Lincoln University Professor of Tourism, David Simmons, has warns the tourism sector that it cannot walk away from its current brand proposition of ‘100% Pure New Zealand’:
It is, however, the tourism sector’s opportunity to ‘walk the talk’ through measuring, managing and telling the story of its particular pathways to sustainability. Given our decreasing global standing for environmental quality (especially on a per capita basis) it is time for all sectors and all New Zealanders to work together.
“A decade ago New Zealand was a global pioneer in environmental reporting for the tourism sector,” says Professor Simmons, who went on to cite leaders such as Kaikoura District Council, Auckland Airport, as well as others from the accommodation sector, such as the Langham (Auckland) and Queenstown Top 10 Holiday Park; all of whom had achieved gold status on an international tourism certification scheme.
When asked about the broad range of enviro-labels already in the tourism sector, Professor Simmons said his personal recommendation was for the ‘EarthCheck’ system because of its scientific credentials.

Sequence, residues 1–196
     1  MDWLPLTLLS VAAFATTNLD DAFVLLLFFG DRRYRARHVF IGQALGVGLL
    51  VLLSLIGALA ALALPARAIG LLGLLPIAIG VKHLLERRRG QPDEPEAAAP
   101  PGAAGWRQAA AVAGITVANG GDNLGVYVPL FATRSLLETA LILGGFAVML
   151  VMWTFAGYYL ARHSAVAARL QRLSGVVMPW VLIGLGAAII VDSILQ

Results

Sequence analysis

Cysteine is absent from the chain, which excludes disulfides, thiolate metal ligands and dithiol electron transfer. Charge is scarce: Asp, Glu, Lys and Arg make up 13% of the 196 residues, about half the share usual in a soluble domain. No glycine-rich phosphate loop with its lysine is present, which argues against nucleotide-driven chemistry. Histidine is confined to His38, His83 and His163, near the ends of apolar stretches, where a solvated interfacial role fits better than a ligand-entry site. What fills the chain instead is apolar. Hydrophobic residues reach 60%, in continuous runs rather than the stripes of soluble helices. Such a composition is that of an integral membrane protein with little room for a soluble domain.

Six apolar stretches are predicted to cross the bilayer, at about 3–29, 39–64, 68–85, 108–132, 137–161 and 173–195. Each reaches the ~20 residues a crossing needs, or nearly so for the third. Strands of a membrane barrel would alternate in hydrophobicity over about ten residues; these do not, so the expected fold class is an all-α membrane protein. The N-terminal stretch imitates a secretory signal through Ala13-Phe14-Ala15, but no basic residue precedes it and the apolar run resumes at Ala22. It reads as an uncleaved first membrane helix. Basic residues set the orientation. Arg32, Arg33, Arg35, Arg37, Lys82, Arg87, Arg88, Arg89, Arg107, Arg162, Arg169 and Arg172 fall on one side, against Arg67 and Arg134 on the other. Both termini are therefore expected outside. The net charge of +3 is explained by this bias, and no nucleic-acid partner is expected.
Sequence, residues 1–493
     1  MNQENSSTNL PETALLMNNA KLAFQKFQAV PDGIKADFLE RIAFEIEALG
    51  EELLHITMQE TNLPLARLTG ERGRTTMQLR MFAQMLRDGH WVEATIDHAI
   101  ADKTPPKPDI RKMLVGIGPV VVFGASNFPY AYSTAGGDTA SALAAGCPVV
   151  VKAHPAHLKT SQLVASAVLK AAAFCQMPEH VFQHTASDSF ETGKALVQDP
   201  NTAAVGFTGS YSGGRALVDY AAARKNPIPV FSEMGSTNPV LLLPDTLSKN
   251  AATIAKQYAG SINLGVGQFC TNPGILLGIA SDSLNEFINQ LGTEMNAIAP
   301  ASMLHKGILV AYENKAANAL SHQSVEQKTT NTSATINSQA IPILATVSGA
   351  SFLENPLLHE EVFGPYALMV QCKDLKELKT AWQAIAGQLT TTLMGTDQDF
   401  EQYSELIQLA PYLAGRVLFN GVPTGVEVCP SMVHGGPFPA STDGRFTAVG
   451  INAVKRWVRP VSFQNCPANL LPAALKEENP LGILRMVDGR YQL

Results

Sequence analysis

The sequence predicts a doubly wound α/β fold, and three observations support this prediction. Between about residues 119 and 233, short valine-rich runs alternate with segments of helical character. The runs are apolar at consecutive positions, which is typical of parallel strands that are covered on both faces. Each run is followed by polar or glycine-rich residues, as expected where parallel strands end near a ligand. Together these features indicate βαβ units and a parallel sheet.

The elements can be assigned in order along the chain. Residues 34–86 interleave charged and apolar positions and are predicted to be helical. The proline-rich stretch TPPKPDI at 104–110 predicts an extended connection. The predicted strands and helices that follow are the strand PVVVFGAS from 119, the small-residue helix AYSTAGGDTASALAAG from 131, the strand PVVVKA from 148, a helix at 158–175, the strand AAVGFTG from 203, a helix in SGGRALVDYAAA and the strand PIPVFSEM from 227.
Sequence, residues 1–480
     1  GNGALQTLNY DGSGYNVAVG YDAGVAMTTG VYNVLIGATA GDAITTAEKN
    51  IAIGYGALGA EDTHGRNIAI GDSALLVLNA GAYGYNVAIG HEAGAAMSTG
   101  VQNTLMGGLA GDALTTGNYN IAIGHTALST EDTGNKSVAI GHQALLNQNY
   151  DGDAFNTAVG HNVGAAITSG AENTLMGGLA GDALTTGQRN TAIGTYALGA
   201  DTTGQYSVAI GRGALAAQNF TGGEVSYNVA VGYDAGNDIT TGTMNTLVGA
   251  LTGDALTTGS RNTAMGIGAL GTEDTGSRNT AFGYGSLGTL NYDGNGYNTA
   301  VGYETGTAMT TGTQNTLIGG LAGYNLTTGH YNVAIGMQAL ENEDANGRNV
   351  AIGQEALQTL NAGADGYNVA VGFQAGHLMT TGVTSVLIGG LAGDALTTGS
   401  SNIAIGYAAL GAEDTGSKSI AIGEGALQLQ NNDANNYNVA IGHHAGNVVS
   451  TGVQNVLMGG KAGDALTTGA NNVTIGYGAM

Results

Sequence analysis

He urged the sector to work with the Australian based ‘EarthCheck’ to incorporate their global learnings to support New Zealand’s platform.
He added that, while New Zealand had made a tentative start with Qualmark green, “this standard now needed a review to lift the sector’s performance and stay ahead of our competitors.”
While there was much comment at the conference on the agricultural sector’s woes and the consequences for the tourism sector, Professor Simmons said that little would be achieved by throwing brickbats at them. From his position at Lincoln University he was aware of the millions of dollars being spent on such things as irrigation refinements, and nutrient and waste management in an effort to boost production in a sustainable way.
“We are all part of the single New Zealand brand,” he said, and urged the tourism sector to work cooperatively with all sectors; noting that “there is a real opportunity for the tourism sector to take a lead position in this space.”
How many advertising slogans are meant to be taken literally?
Is anything, anywhere 100% pure?
The 100% pure slogan refers to the country’s natural beauty and has been extended to other things such as 100% pure adventure.
It’s aspirational and plays on our strengths.
It doesn’t mean we get everything right nor that we shouldn’t be working hard for improvement where it’s needed.
But it’s still a slogan that works.